Similarly, tall trees convert more carbon into oxygen than shorter trees. This is both due to what I just said and to the fact that they just get more light at the top of the canopy and thus more energy for photosynthesis.

Deforestation, the soil disturbance of agriculture, and biomass burning (such as with controlled burns of forests) add a vast amount of carbon dioxide to the atmosphere (and thus the ocean). But how bad is this problem?

An evergreen tropical forest stores about 202 tonnes of carbon per hectare and even a deciduous forest, so a forest with seasons, stores about half of that. On the other end of the spectrum, cropland only stores between 8 and 30 tonnes per hectare. We don't even want to talk about grazing land for farting cows. But even if the deforested land is used for a plantation, it can only maintain between 30 and 90 tonnes of carbon per hectare.

And as I said, if the land is used for agriculture or plantations, we are introducing more than just a lack of old growth. Fertilizers contain a lot of nitrogen oxide, a potent greenhouse gas. The fertilizers also run off into rivers and lakes or get washed into the ocean where the extra nutrients lead to algae blooms, but that's a topic for another day. Disturbing the soil during tilling releases more of the carbon stored in the soils. And flooding rice fields emits methane, another potent greenhouse gas. So no matter what you put on the land you just deforested, it only gets worse. And I don't care the land is still able to maintain maybe half of the carbon sequestration as a plantation, the scale leads all the way to ruminating animals and actually adding greenhouse gasses instead of sequestering them. And in any case, we are worse off than before.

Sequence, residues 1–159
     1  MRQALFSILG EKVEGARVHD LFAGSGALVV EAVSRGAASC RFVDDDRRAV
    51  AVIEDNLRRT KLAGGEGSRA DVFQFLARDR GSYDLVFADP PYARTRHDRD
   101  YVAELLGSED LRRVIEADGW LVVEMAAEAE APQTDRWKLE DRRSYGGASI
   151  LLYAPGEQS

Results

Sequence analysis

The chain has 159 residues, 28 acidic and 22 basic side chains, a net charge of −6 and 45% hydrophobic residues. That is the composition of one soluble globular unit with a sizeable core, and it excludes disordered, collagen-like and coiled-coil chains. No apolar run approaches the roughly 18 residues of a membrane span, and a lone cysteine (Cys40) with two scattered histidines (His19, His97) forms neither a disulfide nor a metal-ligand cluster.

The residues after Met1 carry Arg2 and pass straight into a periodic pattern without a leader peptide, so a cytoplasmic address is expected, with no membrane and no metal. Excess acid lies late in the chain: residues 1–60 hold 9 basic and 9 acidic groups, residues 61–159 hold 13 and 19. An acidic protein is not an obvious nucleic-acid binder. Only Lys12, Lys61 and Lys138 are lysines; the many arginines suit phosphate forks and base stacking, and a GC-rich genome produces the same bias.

And while I agree that it is important to have food and a roof over your head, I believe that we need to be more careful with where we put our cities and fields. We need to get creative with how to grow food, reduce animal consumption (remember, 70% of crops like soy, corn, wheat, and rice go into animal feed), and stop destroying our remaining few untouched forest areas for profit and overconsumption.

So, what can you do?

I feel like I keep repeating the same advice, but as it's very important advice, I will keep repeating it:

Don't waste resources. Water and food have a much higher cost than what you pay for them. It takes a hundred liters of water to grow one banana. Trees were felled and meadows mowed to make room for that cow you had for dinner. More trees were felled, often in irresponsible logging operations, to make that cheap IKEA table. Buy used where you can. But from better sources where you can.

And as always, educate yourself, educate others, and vote both at the booth and with your dollar when you purchase items at the grocery store. When it comes to deforestation, our old friend palm oil is a pretty good example of an ingredient to avoid. Palm oil is grown in monoculture, often at the cost of old growth rain forest.

Mentioned in this article:

Kate Hildenbrand

Kate Hildenbrand

Kate Hildenbrand is the writer behind the essays here, author of fiction novels, the creator of the Kate Hildenbrand podcast, and a student of marine ecology. At least, that's her on the surface.